From the guidance I'd received about my PC external, I didn't think I was supposed to try using the USB power cable simultaneously with the Firewire cable. But the kit had not included a separate Firewire power cable.
So I connected up the USB power cable between the enclosure and the desktop G4. Then reconnected the Firewire data cable. But NOT the USB data cable.
And it worked!
I soon had the G4 copying almost everything from the external drive-- though OS X warned me some things I wasn't allowed to copy.
It took over an hour for the near 60 GB to be transferred.
I figure the stuff which wouldn't copy was most likely the very things my brother-in-law was most concerned about salvaging: his iTunes collection.
But we've got another family member who can help him with transferring his iTunes between drives lots better than me-- since I've not been a Mac user since 2001, and have never even opened the iTunes application, I believe. Freeing his data from the dead laptop was my part.
I guess a little of my geekness is still intact these days.
As for satisfactory cooling, keeping that drive constantly transferring data for more than a hour had to be a pretty good test. For it's unlikely to have to work that hard ever again. And it survived. Though the case did get noticeably warm to the touch.
So it seems so long as anyone doesn't go out of their way to get it hot by piling thermally insulating materials atop it, or using it in a stifling hot environment, it should work fine for years in its new enclosure.
I realize this page could qualify for a review of a hard drive enclosure which works. BUT...the enclosure I bought seems very generic in nature, with its physical packaging such as you'd see on a store shelf even misleading in a way (the web site warned buyers about the packaging).
Plus, this particular item may be discontinued now, as geeks.com indicated they were running out of stock, and didn't offer any assurances there'd be more later. At last check 6-29-08 the link was still working, but said they were out of stock.
But here's the link and related info anyway, just in case it might prove helpful to you:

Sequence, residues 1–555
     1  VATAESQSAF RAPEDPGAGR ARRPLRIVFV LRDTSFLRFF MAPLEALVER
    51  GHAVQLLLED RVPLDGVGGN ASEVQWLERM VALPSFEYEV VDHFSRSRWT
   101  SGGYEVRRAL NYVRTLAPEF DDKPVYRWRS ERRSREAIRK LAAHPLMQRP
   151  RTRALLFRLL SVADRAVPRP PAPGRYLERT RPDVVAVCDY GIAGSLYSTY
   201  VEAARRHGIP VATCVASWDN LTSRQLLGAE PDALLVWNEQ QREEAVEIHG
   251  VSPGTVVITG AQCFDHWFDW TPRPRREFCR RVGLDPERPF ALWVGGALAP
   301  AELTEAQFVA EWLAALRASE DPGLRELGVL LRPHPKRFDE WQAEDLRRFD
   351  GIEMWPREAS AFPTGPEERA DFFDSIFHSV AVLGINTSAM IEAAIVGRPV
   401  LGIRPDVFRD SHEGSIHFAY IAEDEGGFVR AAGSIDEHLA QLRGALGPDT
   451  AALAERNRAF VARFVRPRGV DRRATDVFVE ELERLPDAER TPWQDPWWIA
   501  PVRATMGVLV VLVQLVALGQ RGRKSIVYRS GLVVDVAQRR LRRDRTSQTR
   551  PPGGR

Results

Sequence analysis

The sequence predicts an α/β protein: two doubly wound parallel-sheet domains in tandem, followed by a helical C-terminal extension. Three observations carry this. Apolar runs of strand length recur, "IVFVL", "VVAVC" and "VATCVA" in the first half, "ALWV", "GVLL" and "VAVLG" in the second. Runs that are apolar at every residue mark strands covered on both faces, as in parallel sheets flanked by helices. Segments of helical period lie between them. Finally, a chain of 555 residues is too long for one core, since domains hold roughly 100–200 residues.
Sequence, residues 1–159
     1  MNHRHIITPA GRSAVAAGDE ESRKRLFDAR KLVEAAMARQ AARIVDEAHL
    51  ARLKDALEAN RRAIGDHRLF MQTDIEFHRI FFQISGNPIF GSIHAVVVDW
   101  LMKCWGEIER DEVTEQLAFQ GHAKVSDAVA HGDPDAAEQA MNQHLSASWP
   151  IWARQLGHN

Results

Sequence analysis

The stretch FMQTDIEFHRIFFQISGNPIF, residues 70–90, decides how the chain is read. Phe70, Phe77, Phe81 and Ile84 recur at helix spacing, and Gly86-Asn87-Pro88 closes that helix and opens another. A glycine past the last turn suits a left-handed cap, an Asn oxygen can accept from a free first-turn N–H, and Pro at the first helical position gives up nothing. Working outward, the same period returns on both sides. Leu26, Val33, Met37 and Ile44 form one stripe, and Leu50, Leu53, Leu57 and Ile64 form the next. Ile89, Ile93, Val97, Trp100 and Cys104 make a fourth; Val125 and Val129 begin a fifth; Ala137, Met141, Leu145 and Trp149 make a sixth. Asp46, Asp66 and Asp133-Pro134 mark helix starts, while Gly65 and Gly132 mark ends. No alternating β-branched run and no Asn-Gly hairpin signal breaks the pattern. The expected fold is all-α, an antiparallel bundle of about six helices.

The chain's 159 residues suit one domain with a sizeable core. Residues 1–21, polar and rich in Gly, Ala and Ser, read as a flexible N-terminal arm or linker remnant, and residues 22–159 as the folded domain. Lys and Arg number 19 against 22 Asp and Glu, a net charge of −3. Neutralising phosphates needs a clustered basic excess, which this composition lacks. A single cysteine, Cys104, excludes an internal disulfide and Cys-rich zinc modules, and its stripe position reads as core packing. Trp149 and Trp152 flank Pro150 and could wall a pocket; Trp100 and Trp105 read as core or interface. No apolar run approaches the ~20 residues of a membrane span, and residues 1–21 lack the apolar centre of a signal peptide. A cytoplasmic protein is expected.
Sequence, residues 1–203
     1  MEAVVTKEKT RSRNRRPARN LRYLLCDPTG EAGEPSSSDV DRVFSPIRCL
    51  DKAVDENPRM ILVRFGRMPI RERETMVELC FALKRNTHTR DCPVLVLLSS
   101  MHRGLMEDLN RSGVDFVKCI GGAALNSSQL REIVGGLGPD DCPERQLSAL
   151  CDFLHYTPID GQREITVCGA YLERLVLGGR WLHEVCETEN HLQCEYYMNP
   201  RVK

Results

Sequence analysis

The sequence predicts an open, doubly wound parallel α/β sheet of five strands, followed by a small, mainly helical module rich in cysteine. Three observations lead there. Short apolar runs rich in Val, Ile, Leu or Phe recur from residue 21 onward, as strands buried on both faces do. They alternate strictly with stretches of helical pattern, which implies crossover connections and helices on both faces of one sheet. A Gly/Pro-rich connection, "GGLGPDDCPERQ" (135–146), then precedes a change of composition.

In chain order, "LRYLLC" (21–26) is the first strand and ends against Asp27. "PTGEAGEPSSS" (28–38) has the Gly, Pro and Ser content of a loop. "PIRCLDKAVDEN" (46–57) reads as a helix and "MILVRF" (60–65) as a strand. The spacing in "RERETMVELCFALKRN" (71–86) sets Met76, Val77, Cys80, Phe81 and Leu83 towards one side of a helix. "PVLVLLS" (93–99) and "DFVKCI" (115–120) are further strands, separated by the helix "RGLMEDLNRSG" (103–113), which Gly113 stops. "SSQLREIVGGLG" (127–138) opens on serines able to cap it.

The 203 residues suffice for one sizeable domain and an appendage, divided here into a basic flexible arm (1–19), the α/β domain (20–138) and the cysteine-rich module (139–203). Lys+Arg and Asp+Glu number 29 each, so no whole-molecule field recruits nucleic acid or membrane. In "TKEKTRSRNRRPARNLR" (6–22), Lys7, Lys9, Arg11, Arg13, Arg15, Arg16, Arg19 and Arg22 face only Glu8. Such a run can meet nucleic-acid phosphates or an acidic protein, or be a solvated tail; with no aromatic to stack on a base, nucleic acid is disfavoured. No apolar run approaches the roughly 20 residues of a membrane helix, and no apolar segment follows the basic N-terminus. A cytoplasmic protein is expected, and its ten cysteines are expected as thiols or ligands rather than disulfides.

2.5" USB 2.0/FireWire Aluminum Ext IDE HDD Enclosure (Red) 203-U2IE (2.5 USB 2.0/FireWire Aluminum Ext IDE HDD Enclosure (Red) 203-U2IE )
The box looks like this (front and back views, unfolded and flattened for a scanner)
I hope this helps others out there in this predicament!
PS: I got the impression from my brother-in-law he had an Apple tech check out the dead laptop, and was told it seemed to have a cracked motherboard. And so the only solution would be buying a new and supremely expensive motherboard replacement.
Well, I had to get pretty intimate with this Powerbook to extract the hard drive. And I could find no crack in the motherboard. Plus, I saw no signs the Powerbook had been disassembled for such an inspection since it left the factory, either.
I did see evidence of maybe some foreign material here and there inside the device. Bits of a sort of light colored powder, like I recall seeing sometimes collect around car battery terminals decades back. Maybe that's normal: I have no idea what's normal for laptops. But in all the desktops I ever explored the innards of, I didn't come across stuff like this. But dust, dust bunnies, and even bugs and spider webs instead.
I can't help wondering now if that laptop was really dead when I took it apart. And wish I'd done some online research and more hands-on experimentation first in that regard.
Especially after I recalled somewhat later that the desktop G4 had acted precisely the same as witnessed for the laptop, a few years back. And I think we overcame that by removing the PRAM battery for 8-12 solid hours. Hmmm...
Well, as I tried to be cautious in my disassembly, a reassembly and further repairs for the laptop are not entirely out of the question. Once my brother-in-law gets his iTunes off the salvaged hard drive, I may ask him if he wants to leave the hard drive and other pieces of the laptop here with me to dabble with over time, to see if I can bring it back to life in an economical fashion...
As I lucked out and got a discarded 120 GB external hard drive to alleviate the mounting disk space crisis on my PC, I no longer have the interest in the old laptop drive for my own possible use, as I did some weeks back.
I also loathe laptops for my own personal use, for reasons I've listed elsewhere on site in previous years. So about the only interests I'd have in trying to get the laptop running again now would be curiosity, the geek challenge, and re-empowering my brother-in-law with the portable computing power he once possessed-- as well as helping him recoup the enormous investment I know he must have in the machine (Apple laptops are notoriously expensive).
Plus, I guess I'd get some small satisfaction in whatever extra revenue I might prevent Apple/Steve Jobs from collecting due to yet another dead Powerbook existing in the world.